Date Published: April 18, 2017
Publisher: Public Library of Science
Author(s): Laxman Nawale, Parul Dubey, Bhushan Chaudhari, Dhiman Sarkar, Asmita Prabhune, Yi-Hsien Hsieh.
Sophorolipids (SLs) are glycolipid biosurfactants that have been shown to display anticancer activity. In the present study, we report anti-proliferative studies on purified forms of novel SLs synthesized using cetyl alcohol as the substrate (referred as SLCA) and their anticancer mechanism in human cervical cancer cells. Antiproliferative effect of column purified SLCA fractions (A, B, C, D, E and F) was examined in panel of human cancer cell lines as well as primary cells. Among these fractions, SLCA B and C significantly inhibited the survival of HeLa and HCT 116 cells without affecting the viability of normal human umbilical vein endothelial cells (HUVEC). The two fractions were identified as cetyl alcohol sophorolipids with non-hydroxylated tail differing in the degree of acetylation on sophorose head group. At an IC50 concentration SLCA B (16.32 μg ml-1) and SLCA C (14.14 μg ml-1) blocked the cell cycle progression of HeLa cells at G1/S phase in time-dependent manner. Moreover, SLCA B and SLCA C induced apoptosis in HeLa cells through an increase in intracellular Ca2+ leading to depolarization of mitochondrial membrane potential and increase in the caspase-3, -8 and -9 activity. All these findings suggest that these SLCAs could be explored for their chemopreventive potential in cervical cancer.
Sophorolipids (SLs), belong to the class of glycolipid biosurfactants that are synthesized extracellularly by certain non-pathogenic yeasts. SLs initially gained attention because of the alkane utilizing ability of the yeasts. But later they exponentially attained recognition owing to possession of several properties such as emulsification, anti-microbial, anti-viral, anti-cancer that played role in various fields like detergent industry, cosmetics, pharmaceuticals etc. .
Sophorolipids (SLs) are glycolipid molecules that are considered to be of great interest in management of various ailments owing to their varied biological properties. SLs being amphiphilic in nature partially resemble the cell membrane lipids, thus they are able to span through the membrane and gain entry inside the cell. Additionally, the ability of SLs to selectively affect cancerous cells without harming normal cells may be considered beneficial in minimizing the side effects that are generally associated with current therapeutic regimens . SLs have shown to possess anticancer effect against various cancers such as pancreatic, liver and lung. Recently, in vitro and in vivo anticancer activity of di-acetylated lactonic SLs of varying chain length and degree of unsaturation has been reported in human cervical cancer . Moreover, we have recently reported the anti-cancer activity of crude cetyl alcohol and oleic acid SLs in breast and cervical cancer cell lines . The SLs described in the reported work comprise of a mixture of structurally different forms varying in degree of acetylation on sophorose, fatty acid chain length and internal esterification of end carboxylic acid group (in oleic acid SL). After confirming the presence of anti-cancer activity in the crude SLCAs it becomes necessary to investigate and report the activity for the purified forms (Refer S3 Fig). Prior presence of extensive literature on anti-proliferative property of oleic acid SL [2,4,5,19] prompted us to divert the investigation on unexplored purified forms of novel cetyl alcohol SLs synthesized microbially by Candida bombicola. Thus, the present study was extended by initially conducting cytotoxicity study of six different column purified fractions of cetyl alcohol sophorolipids (SLCA A, B, C, D, E, F) on panel of cancer cell lines and primary cells. The results revealed higher potency of SLCAs B and C against cervical cancer cells (HeLa) without affecting the viability of normal cells. The superior growth inhibition activity of both SLCA B and SLCA C in comparison to other SLCA could be attributed to difference in their structure with others. Using LC-MS, the fractions SLCA B and SLCA C were identified as the non-acetylated and mono-acetylated SL molecules respectively with sophorose head group conjugated to 16 carbon non-hydroxylated fatty tail (Refer S1 and S2 Figs). The methylated end in SLCA B and presence of additional acetyl group in SLCA C increases the hydrophobicity of the molecule. Similarly, studies on anti-cancer efficacy of lactonic sophorolipids against esophageal cancer cells also show that more hydrophobic diacetylated lactonic SL is more effective than the monoacetylated lactonic SL . Thus, in the case of cetyl alcohol SL we can hypothesize that SLCA B & C being more hydrophobic in comparison to other SLCA forms display superior growth inhibition activity.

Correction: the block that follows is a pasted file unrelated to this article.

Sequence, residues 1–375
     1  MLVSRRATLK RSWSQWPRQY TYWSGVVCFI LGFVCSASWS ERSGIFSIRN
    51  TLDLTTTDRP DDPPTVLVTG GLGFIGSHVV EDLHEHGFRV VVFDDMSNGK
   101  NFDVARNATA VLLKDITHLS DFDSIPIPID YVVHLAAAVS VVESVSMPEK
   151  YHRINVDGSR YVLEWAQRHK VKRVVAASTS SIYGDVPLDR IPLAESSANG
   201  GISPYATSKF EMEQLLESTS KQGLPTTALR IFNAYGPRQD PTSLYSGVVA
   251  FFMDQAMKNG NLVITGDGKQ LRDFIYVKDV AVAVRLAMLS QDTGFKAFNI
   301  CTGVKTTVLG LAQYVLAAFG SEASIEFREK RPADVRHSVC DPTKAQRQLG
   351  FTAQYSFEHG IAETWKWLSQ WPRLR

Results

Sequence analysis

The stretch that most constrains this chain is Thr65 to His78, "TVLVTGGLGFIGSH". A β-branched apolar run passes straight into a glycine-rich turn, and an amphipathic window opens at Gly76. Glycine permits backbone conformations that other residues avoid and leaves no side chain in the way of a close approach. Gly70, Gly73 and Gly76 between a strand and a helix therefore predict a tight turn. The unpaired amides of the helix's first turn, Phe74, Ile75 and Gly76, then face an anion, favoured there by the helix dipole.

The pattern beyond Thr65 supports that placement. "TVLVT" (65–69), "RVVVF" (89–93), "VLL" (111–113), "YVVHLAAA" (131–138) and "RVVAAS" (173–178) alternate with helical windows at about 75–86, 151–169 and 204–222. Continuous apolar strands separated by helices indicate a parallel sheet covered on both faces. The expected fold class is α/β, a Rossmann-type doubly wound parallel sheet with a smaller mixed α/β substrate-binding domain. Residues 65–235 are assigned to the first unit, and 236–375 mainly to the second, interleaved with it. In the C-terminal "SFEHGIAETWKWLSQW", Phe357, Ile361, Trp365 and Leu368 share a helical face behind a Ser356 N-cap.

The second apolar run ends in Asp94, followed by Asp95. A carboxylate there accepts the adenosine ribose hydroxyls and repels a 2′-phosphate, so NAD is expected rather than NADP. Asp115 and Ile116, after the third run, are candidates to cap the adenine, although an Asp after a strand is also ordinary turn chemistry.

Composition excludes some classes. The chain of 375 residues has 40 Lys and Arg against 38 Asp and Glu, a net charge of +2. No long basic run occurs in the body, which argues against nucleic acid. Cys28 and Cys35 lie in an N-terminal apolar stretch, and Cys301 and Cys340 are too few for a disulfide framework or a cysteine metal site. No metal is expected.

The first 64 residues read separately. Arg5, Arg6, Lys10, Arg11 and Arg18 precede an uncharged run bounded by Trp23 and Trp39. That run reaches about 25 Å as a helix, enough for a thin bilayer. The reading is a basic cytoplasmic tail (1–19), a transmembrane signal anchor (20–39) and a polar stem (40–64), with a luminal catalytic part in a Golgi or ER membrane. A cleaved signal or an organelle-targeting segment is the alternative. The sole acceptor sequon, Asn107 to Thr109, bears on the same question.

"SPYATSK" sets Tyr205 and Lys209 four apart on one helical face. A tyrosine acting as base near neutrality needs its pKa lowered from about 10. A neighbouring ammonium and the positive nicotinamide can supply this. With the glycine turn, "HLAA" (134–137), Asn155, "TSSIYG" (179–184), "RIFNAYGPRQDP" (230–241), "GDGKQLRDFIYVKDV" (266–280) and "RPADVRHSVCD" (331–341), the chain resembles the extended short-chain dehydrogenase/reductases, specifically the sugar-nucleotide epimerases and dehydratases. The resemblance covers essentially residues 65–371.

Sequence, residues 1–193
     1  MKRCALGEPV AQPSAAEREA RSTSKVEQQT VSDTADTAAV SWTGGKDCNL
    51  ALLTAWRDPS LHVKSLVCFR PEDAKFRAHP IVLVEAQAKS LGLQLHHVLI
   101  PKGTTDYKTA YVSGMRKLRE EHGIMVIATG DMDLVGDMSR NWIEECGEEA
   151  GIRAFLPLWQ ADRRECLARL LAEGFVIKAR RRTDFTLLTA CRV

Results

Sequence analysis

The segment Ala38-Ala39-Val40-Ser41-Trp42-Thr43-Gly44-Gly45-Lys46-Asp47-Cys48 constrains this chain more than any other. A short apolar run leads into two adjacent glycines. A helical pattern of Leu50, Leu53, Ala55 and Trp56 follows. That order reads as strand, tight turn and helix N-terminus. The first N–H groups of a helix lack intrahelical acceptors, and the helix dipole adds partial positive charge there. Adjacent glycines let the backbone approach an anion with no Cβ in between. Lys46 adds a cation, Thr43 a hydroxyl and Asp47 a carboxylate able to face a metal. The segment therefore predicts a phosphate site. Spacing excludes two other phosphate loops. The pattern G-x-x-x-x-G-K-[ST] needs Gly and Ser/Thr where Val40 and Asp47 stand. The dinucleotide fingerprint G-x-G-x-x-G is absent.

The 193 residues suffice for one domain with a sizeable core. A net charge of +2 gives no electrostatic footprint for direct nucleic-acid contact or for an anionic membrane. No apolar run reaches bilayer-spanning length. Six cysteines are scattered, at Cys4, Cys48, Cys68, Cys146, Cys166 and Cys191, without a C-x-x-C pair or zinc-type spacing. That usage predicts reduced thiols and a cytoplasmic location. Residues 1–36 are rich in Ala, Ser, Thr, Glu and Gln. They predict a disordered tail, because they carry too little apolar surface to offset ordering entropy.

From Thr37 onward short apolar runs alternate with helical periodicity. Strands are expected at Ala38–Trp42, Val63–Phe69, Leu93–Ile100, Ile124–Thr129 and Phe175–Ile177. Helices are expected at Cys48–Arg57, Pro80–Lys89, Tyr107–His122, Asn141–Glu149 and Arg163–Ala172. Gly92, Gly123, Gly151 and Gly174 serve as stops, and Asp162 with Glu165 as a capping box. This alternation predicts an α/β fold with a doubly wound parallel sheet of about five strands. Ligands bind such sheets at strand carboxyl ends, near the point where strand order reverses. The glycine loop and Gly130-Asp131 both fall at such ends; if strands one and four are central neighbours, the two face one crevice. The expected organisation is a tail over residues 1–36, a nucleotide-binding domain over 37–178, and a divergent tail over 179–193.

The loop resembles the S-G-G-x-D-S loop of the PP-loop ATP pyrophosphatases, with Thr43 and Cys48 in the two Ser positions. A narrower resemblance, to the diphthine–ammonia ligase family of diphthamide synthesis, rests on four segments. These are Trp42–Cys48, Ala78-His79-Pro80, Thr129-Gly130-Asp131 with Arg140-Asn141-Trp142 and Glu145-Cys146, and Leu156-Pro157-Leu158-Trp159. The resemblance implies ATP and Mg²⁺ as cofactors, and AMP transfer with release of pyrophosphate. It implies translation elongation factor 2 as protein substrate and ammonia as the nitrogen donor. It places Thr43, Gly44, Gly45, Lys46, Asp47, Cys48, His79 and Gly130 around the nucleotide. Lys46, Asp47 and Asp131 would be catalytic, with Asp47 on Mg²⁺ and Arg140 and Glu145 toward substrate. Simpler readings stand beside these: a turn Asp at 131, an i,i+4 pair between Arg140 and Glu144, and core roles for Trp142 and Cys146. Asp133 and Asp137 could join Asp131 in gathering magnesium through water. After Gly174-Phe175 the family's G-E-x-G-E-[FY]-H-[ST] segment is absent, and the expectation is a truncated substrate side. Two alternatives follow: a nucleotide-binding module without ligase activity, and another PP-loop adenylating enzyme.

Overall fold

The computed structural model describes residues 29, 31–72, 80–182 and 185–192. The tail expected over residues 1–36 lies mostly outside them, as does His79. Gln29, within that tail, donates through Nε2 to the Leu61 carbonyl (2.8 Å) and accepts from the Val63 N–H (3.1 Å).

In conclusion, this study indicates that two sophorolipids (SLCA B and SLCA C) have potential growth regulatory role in human cervical HeLa cancer cells via inducing apoptosis. SLCAs stimulate the activation of caspase-3, -8 and -9 with alteration of mitochondrial membrane potential. Among these two SLCAs, SLCA C was found to be more cytotoxic than SLCA B. Both SLCAs showed similar apoptotic effect in human cervical cancer cells in a time-dependent manner; arresting the cells at G1/S phase for 6, 12, 18 and 24 h. The underlying mechanism of apoptosis was result of depolarization of mitochondrial membrane and elevation in intracellular calcium level leading to activation of caspases. Thus, both SLCA B and SLCA C exhibited potential as chemopreventive anti-tumor agents that could improve common anticancer therapies.